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2071: Holy Cross, North Bersted, Bognor Regis, West Sussex, England
Holy Cross, North Bersted, Bognor Regis, England
Mystery Worshipper: Teutonic Knight.
The church: Holy Cross, North Bersted, Bognor Regis, West Sussex, England.
Denomination: Church of England, Diocese of Chichester.
The building: Holy Cross had its beginnings in 1880 when a thatched cottage, formerly a blacksmith's, was licensed for divine services. In 1894 a mission hall replaced this cottage; the hall survives as the present day nave. A chancel was added in 1930 and enlarged in 1973. The building has triple lancets along the sides and four on the west wall above a low narthex. The interior is plain save for the long side windows under the eaves divided by mullions into narrow pastel-coloured lights. On the windowless east wall hangs a rather interesting modern cross. The fittings date from 1971, save the font, which is said to come from a pre-1894 mission hall.
The church: They seem to be quite active with social events. A harvest festival is scheduled for early October, along with blessing of animals. July saw a mini-market and garden party. The church hall is made available to rent for parties and meetings. Two eucharists are celebrated Sunday mornings, with an informal family service held in the afternoon. Morning prayer and eucharist take place during the week.
The neighbourhood: Bognor Regis is a seaside resort town on England's south coast. Originally known as Bognor, it was renamed by King George V when he underwent a rest cure there in 1929. Although the fresh sea air was beneficial to His Majesty's health, he is said to have uttered some rather unkind words about the place as he lay dying. Bognor Regis has a long beach which, in line with the coastal defence scheme, is now sadly completely covered with shingle except at low tide. There is also a pier and the usual attractions of a seaside resort. The church's main claim to fame is probably its proximity to Bognor's legendary landmark "the pink pub at the double mini-roundabout", a/k/a the Royal Oak.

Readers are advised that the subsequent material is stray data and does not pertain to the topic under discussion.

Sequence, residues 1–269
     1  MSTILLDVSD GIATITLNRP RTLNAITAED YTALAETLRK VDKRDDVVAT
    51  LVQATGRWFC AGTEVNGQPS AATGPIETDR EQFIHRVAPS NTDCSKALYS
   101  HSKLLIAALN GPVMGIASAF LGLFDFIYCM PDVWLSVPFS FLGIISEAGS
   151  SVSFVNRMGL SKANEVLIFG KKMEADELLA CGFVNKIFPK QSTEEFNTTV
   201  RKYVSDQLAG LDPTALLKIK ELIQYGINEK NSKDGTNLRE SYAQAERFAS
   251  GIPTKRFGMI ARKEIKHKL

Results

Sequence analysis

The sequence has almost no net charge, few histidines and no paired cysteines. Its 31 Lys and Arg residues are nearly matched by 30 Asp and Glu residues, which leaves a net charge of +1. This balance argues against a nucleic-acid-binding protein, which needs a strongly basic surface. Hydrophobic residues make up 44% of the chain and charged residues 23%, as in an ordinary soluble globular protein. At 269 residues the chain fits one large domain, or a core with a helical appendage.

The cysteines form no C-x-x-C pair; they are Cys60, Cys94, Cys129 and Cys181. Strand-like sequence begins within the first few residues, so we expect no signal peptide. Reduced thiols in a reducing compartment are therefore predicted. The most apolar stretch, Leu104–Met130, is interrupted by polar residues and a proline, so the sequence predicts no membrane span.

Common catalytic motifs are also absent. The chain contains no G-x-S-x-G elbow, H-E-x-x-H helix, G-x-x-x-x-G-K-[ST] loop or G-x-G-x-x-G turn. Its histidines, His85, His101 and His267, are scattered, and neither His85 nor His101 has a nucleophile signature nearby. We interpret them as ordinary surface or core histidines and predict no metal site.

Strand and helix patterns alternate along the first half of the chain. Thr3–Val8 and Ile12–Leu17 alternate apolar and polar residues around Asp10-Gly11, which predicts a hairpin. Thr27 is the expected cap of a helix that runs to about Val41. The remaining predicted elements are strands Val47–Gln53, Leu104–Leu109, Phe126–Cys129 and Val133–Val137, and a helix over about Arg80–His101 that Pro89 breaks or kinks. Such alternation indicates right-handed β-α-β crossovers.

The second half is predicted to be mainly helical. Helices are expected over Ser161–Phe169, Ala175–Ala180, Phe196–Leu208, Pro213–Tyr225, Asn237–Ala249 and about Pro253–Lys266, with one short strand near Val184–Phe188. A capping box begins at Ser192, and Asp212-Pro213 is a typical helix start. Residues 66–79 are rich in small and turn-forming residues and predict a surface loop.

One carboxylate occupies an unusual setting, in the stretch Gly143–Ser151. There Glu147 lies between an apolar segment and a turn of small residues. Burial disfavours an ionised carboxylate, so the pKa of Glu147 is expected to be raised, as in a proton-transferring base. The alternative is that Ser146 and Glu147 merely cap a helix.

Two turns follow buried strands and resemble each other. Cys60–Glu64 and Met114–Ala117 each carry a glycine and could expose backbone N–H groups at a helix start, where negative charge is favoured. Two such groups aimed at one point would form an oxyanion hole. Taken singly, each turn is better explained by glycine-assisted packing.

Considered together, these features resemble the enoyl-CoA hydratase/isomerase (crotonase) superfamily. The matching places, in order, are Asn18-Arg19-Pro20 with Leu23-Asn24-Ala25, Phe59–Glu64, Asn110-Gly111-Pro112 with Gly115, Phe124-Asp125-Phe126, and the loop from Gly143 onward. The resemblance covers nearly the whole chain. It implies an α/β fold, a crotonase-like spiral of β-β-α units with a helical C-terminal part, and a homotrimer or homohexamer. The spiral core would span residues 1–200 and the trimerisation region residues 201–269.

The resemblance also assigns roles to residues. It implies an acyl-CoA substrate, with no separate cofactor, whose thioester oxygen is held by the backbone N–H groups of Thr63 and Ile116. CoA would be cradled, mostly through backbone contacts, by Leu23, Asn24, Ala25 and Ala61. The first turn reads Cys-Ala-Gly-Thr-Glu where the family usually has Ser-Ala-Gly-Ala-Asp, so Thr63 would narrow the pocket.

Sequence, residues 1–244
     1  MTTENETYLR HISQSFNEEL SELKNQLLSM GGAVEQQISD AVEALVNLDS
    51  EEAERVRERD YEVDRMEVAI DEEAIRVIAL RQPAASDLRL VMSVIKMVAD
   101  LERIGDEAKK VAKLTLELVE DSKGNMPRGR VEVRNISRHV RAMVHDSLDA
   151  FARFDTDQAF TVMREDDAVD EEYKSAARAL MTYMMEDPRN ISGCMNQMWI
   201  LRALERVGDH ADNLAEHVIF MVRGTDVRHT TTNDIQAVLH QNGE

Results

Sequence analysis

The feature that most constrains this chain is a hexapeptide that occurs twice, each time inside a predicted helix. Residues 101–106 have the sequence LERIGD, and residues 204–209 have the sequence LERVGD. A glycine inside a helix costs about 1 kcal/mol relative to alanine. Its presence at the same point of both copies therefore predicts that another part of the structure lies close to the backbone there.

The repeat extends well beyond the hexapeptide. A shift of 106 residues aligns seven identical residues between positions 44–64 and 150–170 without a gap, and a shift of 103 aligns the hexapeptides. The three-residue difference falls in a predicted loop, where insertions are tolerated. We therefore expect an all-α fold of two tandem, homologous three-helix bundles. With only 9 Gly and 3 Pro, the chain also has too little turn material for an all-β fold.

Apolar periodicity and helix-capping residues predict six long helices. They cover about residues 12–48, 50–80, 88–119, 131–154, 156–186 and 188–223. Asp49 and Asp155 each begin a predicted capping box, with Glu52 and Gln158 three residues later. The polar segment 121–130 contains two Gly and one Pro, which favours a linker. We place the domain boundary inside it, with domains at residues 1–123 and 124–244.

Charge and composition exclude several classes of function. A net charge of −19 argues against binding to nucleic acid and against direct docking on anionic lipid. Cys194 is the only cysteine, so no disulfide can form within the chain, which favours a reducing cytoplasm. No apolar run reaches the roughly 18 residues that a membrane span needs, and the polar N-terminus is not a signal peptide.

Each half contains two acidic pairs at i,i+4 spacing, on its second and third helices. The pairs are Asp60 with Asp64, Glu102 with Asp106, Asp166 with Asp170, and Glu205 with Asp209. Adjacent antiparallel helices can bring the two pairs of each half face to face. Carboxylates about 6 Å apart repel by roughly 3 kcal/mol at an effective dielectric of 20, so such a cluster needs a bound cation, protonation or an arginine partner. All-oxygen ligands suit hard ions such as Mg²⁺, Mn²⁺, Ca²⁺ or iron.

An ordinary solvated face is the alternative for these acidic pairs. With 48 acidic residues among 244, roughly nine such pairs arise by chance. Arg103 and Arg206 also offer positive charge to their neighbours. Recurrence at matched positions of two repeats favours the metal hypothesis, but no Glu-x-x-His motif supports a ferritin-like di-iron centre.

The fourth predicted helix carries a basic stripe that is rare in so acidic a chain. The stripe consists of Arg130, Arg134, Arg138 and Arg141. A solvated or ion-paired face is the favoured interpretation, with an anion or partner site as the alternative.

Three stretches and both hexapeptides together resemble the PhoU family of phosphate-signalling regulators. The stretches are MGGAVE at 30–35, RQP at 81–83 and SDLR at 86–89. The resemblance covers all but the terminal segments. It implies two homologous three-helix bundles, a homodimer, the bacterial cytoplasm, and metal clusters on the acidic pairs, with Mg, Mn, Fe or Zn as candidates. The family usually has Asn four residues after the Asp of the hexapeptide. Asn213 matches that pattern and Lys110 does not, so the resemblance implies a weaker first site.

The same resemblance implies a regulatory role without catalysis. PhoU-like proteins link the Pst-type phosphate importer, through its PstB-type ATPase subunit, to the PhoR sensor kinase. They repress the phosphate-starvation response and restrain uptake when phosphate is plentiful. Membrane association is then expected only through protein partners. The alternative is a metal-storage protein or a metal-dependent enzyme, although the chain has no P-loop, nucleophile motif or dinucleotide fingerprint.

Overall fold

The cast: The Revd Ann Clarke, priest-in-charge.
The date & time: Holy Cross Sunday, 12 September 2010, 10.30am.

What was the name of the service?
Sung Eucharist.

How full was the building?
about two-thirds full (60 people at a guess). Funnily, the north half of the building was a lot fuller than the south. There were a couple of (crying) babes in arms, a toddler, two or three children, and all of seven men!

Did anyone welcome you personally?
The welcoming party had stationed themselves in such a way that you had to turn around to face them as you entered through the narthex. I've had better welcomes. However, this was outweighed by the fact that the priest-in-charge immediately spotted the "one or two faces I do not know" during her pre-service welcome talk, and an exchange of very friendly handshakes and personal words during the peace.

Was your pew comfortable?
Padded chairs with armrests and hassocks underneath: squashy, comfortable, and amazingly not squeaky (they usually are!).

How would you describe the pre-service atmosphere?
There was loud, vibrant and happy chatter. The organ played a few quiet pieces that seemed to have neither beginning nor end and sounded a bit like the organist could not decide what to play. Scores of candles were set out along the window sills and a Taizé cross was placed in front of the altar in honour of the day, which was feast of title for this church.

What were the exact opening words of the service?
"Good morning and welcome on this 12th of September" followed by an ad hoc prayer to collect our thoughts. Mrs Clarke was not attired in full regalia for this. The cast then assembled at the west end and processed in.